“This recession has led to an enormous increase in applications. We are getting 700 enquiries for a top job, instead of 200. Most of those applications are from outside the sector. People who already have secure jobs are staying put.”

The merger of Help the Aged and Age Concern reflects another trend that has been speeded up by recession – the move towards partnerships between charities with similar aims. Other high-profile partnerships include the RNIB and Action for Blind People. The Charity Commission is urging smaller organisations to follow suit.

“Pooling resources and limiting competition in a difficult market makes sense,” said Lale. “There was a period of overexpansion, but now smart chief executives should grasp the nettle and reorganise.”

One chief executive who did so, however, reorganised himself out of his job. Jeremy Taylor took up his post as executive director of Groundwork East London after 20 years as a senior civil servant. “I worked at the Treasury during what could be called ‘interesting times’ in the Blair-Brown years, and now I’m going through interesting times again,” Taylor said wryly.

Groundwork is a social enterprise charity, working on environmental and training projects for people who are not in employment or education. Changes in government funding, and the growing impact of the recession, led Taylor to implement a merger between Groundwork’s separate London offices, doing away with his own role in the process.

He is now East London director of Groundwork and plans to stay with the organisation. Experts predict, however, that mergers and consolidation will lead to the loss of many jobs in the charity sector.

Stephen Bubb, who leads the Association for Chief Executives of Voluntary Organisations, said that while mergers and partnerships could lead to job duplication, they should not be viewed as a means of shedding staff. “Some charities are struggling. There has been a collapse in corporate funding, and a reduction in income from legacies and donations. However, we have to look forward and ask where jobs are going to come from. They are not going to come from manufacturing.”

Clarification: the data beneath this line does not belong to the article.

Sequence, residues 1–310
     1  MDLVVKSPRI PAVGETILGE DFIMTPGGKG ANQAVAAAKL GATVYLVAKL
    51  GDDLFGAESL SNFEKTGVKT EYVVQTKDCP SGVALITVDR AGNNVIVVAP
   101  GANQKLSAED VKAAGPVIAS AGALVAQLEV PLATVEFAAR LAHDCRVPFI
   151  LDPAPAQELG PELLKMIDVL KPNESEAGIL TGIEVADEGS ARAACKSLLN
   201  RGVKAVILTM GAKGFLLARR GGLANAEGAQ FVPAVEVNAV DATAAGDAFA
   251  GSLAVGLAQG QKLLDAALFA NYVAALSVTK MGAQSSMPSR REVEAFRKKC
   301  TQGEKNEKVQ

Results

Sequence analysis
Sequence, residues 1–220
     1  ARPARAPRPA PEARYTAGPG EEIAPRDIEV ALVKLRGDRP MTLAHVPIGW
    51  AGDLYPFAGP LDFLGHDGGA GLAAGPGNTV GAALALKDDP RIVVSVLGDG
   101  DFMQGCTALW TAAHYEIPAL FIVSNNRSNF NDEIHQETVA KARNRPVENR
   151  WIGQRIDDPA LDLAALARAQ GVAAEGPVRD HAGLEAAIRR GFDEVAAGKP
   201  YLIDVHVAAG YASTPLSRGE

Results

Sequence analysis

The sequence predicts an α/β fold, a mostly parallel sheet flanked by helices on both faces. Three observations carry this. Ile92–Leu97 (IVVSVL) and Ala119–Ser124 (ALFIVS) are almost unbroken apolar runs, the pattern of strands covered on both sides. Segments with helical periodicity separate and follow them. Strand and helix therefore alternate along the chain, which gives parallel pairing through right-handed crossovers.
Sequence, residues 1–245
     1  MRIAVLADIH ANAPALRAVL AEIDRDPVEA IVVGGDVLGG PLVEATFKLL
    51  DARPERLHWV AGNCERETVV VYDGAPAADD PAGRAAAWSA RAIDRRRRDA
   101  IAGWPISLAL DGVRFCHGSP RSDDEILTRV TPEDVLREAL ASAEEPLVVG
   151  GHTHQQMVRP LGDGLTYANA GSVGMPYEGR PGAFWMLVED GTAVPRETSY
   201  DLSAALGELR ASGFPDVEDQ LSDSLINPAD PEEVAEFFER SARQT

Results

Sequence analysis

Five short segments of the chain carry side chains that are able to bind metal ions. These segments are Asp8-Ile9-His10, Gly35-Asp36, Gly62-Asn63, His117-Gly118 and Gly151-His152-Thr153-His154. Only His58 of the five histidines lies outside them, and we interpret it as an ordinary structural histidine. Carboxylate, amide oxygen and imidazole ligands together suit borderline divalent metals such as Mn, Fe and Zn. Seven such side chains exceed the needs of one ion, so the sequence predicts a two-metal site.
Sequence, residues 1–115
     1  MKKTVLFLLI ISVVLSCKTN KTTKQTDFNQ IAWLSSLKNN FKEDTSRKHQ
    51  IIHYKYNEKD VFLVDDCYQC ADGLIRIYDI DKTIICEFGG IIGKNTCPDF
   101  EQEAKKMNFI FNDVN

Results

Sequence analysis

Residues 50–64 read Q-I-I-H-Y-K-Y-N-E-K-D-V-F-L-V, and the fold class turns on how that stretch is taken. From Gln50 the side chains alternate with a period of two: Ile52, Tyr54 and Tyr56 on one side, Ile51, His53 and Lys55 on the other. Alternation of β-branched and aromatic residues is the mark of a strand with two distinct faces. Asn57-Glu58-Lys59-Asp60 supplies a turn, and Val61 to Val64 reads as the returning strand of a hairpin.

Listing the environment, health, education and the arts as growth areas, Bubb said there was still scope for some confidence: “These areas are where the charity and voluntary sector is strong – and these are the jobs of the future.”


The NHS: Few areas are as recession proof as the NHS. Just as many people need treatment and the government doesn’t want to make cuts in essential services.

Teaching: Children will always need to go to school, and their numbers don’t decline in a recession.

Other public services: Organisations, like the police, that are funded by the state are more secure than those that rely on consumer spending.

Green jobs: Public money will be pumped into environmentally friendly projects, including the insulation of Britain’s homes.

Energy: Work should start soon on several new power stations.

Public transport: Even if you are working for a private-sector contractor, a lot of money being spent on public transport still comes from the government.

Technology: IT work is still available. Experts say specialist skills are particularly in demand. Again, work on public-sector projects will be safer than work in the private sector.

Human resources: HR experts, particularly those with experience in making staff redundant, can still find work, as can career coaches and those who specialise in retraining.

Interim managers: With few organisations willing to take on permanent staff, interim managers who can supervise a particular project, or cover a period of maternity leave, are doing well.

Accountants, finance directors and risk managers: As failed firms are wound up, accountants, insolvency experts and those who specialise in risk management are much in demand.